Original publication by Pat Heagney, Tanya Murphy and Kallee Buchanan for abc.net.au on 21 July 2022
Farmers say a report outlining the deterioration of Australia’s environment fails to acknowledge the millions being spent to address the industry’s impact on the land.
The latest State of the Environment Report, written by 30 independent scientists from around Australia, found all areas of the nation — except urban environments — were in a “poor and deteriorating state”.
It also identified the intensification of agricultural and grazing industries as a major pressure, which it said reduced the natural capital of land through practices like clearing native vegetation, reducing carbon stores and increasing greenhouse emissions.
- The intensification of farming has been identified as a key pressure on the environment
- Farmers say their industry’s ambitious carbon neutral goals have not been recognised
- Potential arises for farmers and Indigenous people to repair the damage
But Australian Beef Sustainability Framework steering group chair Mark Davie said the broad report did not reflect the complexity of land management practices used across the industry.
“It does create a very kind of negative and damning view of it,” he said.
“There isn’t a lot out there to positively measure things like biodiversity and so it relies very heavily on things like canopy change.
“We’ve got to ensure we provide a context for those conversations, because our forests are back to 1990 levels, and I don’t think the report really does that.”
Instead of just looking at broad data sets, he said the focus should have been on the work the industry was doing to tackle the issues.
“More and more, we’ve got to move from this high-level environmental kind of snapshots to outcomes on the ground, because that’s where I think agriculture will really shine,” he said.
“I just don’t know how we get that cut through to the community, because it’s literally probably $100 million a year that we’re [the beef industry] putting into this.”
Farmers feel impact
University of Sydney deputy vice-chancellor Emma Johnston, who was lead co-author of the report, said the impact of climate change had changed since the last report in 2016 from a future problem to one being felt by farmers and communities across the country.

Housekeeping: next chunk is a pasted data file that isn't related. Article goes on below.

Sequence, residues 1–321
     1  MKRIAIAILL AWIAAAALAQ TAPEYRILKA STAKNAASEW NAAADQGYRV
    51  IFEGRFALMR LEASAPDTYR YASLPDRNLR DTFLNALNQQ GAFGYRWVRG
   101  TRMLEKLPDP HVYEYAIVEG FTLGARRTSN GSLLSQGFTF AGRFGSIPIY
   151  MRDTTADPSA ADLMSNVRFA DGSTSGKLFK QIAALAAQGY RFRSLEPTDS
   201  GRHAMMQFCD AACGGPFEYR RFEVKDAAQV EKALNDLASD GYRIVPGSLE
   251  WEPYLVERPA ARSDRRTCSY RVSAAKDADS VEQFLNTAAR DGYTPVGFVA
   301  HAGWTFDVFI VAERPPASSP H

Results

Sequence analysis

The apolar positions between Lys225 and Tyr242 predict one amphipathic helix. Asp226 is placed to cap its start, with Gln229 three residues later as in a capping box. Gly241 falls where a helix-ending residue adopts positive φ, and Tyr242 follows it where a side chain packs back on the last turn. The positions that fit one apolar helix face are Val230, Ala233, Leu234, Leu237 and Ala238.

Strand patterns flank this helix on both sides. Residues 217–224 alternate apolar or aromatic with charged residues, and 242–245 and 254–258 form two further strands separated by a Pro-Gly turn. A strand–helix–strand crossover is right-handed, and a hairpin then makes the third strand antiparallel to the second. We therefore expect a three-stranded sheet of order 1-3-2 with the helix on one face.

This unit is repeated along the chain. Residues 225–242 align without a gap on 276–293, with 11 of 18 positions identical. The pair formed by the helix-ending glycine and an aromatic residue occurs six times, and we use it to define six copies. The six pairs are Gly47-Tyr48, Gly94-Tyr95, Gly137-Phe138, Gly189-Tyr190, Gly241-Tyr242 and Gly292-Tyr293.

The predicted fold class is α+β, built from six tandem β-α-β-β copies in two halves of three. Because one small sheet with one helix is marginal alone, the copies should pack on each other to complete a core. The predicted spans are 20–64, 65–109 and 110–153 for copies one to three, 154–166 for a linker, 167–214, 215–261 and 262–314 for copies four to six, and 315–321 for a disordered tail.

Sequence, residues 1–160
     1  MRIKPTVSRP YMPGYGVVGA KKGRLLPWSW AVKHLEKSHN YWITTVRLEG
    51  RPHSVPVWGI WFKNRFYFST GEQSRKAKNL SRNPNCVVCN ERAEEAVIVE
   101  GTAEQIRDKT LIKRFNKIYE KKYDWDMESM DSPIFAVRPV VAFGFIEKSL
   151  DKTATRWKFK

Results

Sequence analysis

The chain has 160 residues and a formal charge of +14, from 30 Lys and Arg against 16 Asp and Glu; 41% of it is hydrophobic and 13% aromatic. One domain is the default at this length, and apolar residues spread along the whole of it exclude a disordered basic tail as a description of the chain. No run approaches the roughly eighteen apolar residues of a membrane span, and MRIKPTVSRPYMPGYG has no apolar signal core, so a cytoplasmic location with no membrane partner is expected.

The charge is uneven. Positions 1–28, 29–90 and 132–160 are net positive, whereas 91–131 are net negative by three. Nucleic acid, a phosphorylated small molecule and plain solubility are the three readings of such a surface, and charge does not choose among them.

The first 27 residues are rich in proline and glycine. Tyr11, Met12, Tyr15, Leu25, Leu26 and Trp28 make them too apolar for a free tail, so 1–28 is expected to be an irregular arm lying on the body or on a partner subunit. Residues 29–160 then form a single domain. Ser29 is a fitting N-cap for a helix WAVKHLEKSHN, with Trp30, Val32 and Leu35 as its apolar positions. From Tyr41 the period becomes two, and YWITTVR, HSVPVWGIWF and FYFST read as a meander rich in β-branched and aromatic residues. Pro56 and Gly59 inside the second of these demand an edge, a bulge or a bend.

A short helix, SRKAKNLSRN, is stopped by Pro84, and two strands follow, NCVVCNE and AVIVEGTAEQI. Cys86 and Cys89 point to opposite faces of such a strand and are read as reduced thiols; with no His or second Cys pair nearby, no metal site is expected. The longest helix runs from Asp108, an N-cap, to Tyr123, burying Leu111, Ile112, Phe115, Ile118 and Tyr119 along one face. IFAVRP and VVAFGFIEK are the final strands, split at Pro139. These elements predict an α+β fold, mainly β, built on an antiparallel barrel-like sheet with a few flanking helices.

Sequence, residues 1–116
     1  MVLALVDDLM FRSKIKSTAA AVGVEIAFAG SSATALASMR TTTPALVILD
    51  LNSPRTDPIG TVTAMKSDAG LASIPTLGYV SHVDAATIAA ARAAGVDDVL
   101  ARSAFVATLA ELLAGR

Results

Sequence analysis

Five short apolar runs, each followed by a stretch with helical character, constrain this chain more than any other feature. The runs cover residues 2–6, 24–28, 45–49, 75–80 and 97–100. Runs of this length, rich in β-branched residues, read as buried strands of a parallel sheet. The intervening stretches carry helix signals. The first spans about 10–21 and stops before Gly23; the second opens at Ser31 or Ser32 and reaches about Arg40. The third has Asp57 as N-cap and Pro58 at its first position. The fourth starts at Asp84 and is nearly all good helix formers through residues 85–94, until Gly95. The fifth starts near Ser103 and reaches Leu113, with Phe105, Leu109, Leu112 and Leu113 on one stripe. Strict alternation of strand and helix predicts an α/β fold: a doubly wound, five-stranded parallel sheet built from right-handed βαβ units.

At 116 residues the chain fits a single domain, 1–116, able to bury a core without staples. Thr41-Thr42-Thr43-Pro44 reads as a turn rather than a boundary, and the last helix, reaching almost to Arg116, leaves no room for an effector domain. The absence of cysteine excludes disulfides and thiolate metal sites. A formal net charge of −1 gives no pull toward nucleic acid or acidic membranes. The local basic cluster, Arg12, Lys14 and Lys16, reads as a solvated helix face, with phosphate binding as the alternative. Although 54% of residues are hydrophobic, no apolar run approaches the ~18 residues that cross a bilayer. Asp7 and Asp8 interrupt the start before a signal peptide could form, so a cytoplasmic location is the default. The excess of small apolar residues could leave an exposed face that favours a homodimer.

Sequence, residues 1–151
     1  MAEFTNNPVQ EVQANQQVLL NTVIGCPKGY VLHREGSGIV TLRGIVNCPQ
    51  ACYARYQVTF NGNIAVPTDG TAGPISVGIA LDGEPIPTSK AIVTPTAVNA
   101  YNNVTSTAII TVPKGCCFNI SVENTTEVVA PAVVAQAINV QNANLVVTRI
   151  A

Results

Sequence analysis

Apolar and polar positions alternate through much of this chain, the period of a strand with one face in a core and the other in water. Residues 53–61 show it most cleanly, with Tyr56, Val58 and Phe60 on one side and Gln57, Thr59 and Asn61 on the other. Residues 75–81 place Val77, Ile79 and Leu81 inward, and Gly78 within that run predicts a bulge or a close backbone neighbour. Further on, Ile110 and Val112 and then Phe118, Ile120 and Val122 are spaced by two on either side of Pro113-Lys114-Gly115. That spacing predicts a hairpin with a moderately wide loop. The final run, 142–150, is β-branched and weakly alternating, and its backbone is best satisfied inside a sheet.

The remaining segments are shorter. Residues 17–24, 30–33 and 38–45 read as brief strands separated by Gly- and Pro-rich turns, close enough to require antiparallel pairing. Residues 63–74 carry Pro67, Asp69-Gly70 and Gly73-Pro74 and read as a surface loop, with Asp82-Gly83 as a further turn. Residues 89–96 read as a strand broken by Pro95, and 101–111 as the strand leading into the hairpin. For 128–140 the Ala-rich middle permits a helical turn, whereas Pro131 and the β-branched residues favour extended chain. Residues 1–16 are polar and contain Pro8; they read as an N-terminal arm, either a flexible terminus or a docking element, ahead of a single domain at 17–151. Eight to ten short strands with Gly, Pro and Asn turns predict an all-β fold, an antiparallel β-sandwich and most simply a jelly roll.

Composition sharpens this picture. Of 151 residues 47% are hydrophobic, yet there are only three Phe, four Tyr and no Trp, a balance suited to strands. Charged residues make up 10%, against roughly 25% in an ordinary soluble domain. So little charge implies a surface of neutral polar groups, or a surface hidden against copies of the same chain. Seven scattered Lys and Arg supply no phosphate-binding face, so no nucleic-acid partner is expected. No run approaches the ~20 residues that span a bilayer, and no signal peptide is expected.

“The stark difference is we are documenting the impacts,” Professor Johnston said.
“When I say that I’m talking about droughts, floods, bushfires, storms, and heat waves — both on land and in the sea — and they are pushing systems to the brink.
“It’s having a profound impact not only on environments and species, but on human welfare and human wellbeing.”
Terrain Natural Resource Management chair Keith Noble said the reality of that stark difference was very close to home at his Far North Queensland property.
“We’ve had catastrophic flooding up and down eastern Australia and my own farm personally has been impacted by two category five cyclones within a five-year period,” Dr Noble said.
“I think if you talk to individual farmers, who are in touch with the land which sustains them and their product, we can all see individual changes that are occurring.”
He said farmers were aware of their changing environment and most were making adjustments.
“What climate change means is that things as we know it are going to be different,” he said.
Creating regenerative economies
Dr Noble said many agricultural businesses had recognised not only the need to care for natural assets, but also the opportunity that could provide.
“We’ve added in our new strategic plan a stream we call regenerative economies,” he said.
“It recognises the natural capital that underpins and sustains both our tourism businesses and agricultural businesses.”
He said natural assets needed to be looked after they couldn’t just be continually mined.
“In so doing, we also believe there’s real opportunity to diversify the regional economy and to provide jobs for people working in that field, particularly for First Nations people,” he said.
“We’re seeing it happen in expansion of cultural ranger programs.”
Mr Davie said there were plenty of ambitious programs already under way to protect the environment, such as the beef industry’s commitment to be carbon neutral by 2030.
“It is so enormous, that an industry that covers 60,000 businesses would come up with this thing,” he said.
“Around the world, other areas just look at it and think, wow, these guys are really ambitious, they’re really focusing their research.”
Mr Davie said discussions about the environmental impact of farming needed to be weighed against the demands for agriculture production.
“It talks very much about agriculture and it’s impact on the environment without balancing that with that requirement to feed people,” he said.
“It’s how do we balance that conversation of the environment, productivity and food security, and deliver the best outcomes across that kind of three-legged stool.”
Professor Johnston said the document did report successful on ground actions, and while the condition of the environment was deteriorating, there were reasons to be hopeful.
“Including work of Indigenous rangers, of citizen science projects and restoration actions and that’s really quite inspiring,” she said.
She said the report used national data sets to assess the effectiveness of management in an effort to direct new action.
“We can better understand how rapidly things are changing and where we need to prioritise our support and restoration efforts,” she said.